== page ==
This past weekend May Day came and went, though not without some notable developments that I think could serve as harbingers for the June 12 anniversary protests.
To begin with, what happened on May Day this past Saturday? As expected security forces were out en masse, breaking up any groups of people and rifling through people’s belongings in search of green-colored contraband. Given this atmosphere demonstrations were smaller than recent May Day demonstrations, but workers and labor sympathizers did turn out to demonstrate. Several thousand did gather
at the Ministry of Labor headquarters in Tehran to protest, while there were reports
of smaller demonstrations in places like Qazvin, Tabriz, Shiraz, and Esfahan. Although there were some scattered calls for gatherings–specifically at the Ministry of Labor–these were not widely disseminated and extremely disorganized (even by green movement standards). Color me optimistic, but for me that counts as a small victory for the labor (and possibly green) movement. Despite a heavy security atmosphere and few calls to actually come onto the streets, still a few thousand demonstrated.
On the same day Ahmadinejad made an unscheduled appearance at Tehran University, right after giving a speech at one of the official May Day events with bused-in supporters. After students caught wind
of his visit several hundred gathered and marched towards the auditorium where the speech was taking place, shouting
“death to the dictator” and trying (unsuccessfully) to get into the speech.
What’s striking, though perhaps not all that surprising, is that 11 months after the presidential election, despite all the arrests, brutality, and repression, it’s necessary that this visit be unannounced, for fear of an embarrassing mass gathering of students and others protesting his appearance on their campus. Presidents and Secretaries of State visit Iraq or Afghanistan unannounced due to security concerns. This shouldn’t be the case for a president supposedly elected by popular vote. And that the organizers of this felt it necessary to do so shows that the regime, again 11 months after the election, still does not feel confident enough in its own legitimacy.
Lastly, Musavi’s speech to workers and teachers was translated into English and I finally got the chance to listen to the whole thing. I tried not to jump to conclusions immediately on its Persian release in my previous post, but I will admit that Musavi did more to reach out to workers than I thought. He spoke directly to them, acknowledged their demands and grievances–even the one about imports I noted in my follow-up–and stressed that their demands are the same as those of the green movement. I’m not sure how convincing we was to workers, as he did fall back to generalities about the overarching goals of freedom and development–not to mention an odd three-minute tangent about foreign policy, the role of the armed forces and the Iran-Iraq war. But at least he explicitly and directly reached out to workers. In rhetoric at least.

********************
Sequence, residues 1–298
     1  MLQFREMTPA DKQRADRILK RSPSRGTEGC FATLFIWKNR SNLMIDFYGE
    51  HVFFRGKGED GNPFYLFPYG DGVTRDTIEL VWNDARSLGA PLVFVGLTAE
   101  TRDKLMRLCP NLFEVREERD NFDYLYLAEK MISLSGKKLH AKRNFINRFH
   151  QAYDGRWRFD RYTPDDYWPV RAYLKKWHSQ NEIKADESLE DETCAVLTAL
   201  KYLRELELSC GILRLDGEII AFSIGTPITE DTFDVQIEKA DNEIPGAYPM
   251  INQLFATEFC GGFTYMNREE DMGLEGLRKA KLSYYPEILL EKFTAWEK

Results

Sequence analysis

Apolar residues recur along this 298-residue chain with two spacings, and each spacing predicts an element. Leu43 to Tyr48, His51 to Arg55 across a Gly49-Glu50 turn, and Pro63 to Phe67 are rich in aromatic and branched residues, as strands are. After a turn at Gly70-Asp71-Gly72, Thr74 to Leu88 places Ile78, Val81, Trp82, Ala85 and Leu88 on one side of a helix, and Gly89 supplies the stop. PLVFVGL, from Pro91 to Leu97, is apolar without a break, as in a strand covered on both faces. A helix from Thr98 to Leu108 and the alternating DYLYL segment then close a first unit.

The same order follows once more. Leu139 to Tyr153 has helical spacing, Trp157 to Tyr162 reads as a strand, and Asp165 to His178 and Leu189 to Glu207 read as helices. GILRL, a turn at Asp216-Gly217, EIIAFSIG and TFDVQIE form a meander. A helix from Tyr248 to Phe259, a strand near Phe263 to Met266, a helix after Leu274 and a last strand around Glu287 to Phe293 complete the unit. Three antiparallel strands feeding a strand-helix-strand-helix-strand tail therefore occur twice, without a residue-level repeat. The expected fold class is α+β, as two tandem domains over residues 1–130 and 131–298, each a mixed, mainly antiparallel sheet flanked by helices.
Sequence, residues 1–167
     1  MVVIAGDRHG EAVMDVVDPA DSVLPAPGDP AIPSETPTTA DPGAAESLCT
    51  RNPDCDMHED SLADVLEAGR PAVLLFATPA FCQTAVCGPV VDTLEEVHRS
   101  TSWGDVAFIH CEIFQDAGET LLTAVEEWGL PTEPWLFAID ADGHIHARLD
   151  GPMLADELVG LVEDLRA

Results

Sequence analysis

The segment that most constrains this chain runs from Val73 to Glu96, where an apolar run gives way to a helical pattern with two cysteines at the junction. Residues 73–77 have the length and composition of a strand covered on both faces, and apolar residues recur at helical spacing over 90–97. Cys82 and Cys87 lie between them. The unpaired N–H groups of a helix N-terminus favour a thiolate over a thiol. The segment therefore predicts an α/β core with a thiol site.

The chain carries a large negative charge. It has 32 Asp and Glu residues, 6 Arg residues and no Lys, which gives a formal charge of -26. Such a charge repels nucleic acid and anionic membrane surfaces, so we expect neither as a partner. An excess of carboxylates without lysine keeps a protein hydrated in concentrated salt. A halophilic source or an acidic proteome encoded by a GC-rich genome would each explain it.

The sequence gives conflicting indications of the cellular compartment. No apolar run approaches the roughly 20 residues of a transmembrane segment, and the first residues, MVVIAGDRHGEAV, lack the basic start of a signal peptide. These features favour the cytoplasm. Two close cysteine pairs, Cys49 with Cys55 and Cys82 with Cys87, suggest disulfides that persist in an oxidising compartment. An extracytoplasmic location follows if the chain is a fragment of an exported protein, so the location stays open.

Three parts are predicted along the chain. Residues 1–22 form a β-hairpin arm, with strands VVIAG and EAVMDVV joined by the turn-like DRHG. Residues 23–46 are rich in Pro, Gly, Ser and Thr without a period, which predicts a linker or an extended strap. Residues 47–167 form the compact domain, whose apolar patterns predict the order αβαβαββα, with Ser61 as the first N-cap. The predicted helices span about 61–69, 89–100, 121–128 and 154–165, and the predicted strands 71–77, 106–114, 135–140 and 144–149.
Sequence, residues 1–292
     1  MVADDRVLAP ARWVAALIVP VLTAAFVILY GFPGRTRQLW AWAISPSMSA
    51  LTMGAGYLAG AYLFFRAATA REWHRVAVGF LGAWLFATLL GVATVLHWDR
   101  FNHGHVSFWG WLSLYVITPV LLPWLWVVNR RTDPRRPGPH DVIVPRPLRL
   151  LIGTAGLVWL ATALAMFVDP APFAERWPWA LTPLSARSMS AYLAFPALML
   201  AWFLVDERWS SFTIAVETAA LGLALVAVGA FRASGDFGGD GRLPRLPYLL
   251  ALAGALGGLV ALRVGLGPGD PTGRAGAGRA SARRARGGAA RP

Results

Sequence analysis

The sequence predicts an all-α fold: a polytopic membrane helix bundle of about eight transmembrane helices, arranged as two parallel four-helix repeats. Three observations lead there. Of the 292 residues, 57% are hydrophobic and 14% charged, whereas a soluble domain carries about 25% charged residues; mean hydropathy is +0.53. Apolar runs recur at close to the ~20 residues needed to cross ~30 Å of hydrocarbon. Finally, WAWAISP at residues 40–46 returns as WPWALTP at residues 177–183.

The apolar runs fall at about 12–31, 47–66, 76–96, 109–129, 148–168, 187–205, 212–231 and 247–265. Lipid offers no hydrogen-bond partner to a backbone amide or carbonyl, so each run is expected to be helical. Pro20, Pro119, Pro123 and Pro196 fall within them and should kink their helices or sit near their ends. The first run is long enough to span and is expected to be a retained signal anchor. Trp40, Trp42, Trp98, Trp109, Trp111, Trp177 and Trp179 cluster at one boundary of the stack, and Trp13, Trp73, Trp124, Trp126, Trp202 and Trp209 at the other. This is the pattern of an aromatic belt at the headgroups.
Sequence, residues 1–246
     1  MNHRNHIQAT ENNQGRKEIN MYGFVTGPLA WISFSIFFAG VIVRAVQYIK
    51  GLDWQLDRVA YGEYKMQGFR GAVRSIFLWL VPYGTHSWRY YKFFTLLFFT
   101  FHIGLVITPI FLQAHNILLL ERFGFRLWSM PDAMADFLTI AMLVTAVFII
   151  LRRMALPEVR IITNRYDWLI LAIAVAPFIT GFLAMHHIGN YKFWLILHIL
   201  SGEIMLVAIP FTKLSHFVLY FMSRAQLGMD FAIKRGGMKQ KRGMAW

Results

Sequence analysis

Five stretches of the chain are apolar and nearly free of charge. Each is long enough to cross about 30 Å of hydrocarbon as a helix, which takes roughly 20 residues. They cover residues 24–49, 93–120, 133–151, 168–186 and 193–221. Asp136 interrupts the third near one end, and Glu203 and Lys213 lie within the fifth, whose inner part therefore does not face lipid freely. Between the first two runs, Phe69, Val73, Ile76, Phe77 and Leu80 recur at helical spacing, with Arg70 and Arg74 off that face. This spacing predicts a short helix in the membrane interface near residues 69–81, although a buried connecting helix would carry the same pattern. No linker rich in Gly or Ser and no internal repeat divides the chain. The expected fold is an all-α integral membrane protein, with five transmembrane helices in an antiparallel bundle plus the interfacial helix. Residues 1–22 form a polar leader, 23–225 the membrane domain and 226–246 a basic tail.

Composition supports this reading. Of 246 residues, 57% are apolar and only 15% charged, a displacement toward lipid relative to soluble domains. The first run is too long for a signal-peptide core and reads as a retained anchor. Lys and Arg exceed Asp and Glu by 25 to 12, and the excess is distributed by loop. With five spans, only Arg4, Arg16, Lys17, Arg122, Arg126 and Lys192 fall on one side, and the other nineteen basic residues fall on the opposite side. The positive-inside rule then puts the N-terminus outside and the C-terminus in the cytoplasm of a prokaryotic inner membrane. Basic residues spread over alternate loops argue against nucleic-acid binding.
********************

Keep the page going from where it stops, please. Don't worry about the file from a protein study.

What does still stand from my earlier analysis, though, is his prescription to the problems of workers, and the population at large. Sitting against a backdrop of the Iranian flag and portrait of Ayatollah Khomeini (with the obligatory one of Khamenei conspicuously absent!), he again emphasized a return to the principles of the constitution as the solution. I fully recognize the delicate ground Musavi and other leaders must tread, but you simply can’t energize and lead a movement, the majority of whose members were born after the revolution itself, with this sort of message. People aren’t risking life and limb in the streets, holding signs reading “let’s go back to the good ol’ days”, harping for a return to the glory years of the Islamic Republic. Reform is inherently not conservative. Change does not mean a return to the past. It means a path to the future, and one that is better than antiquity.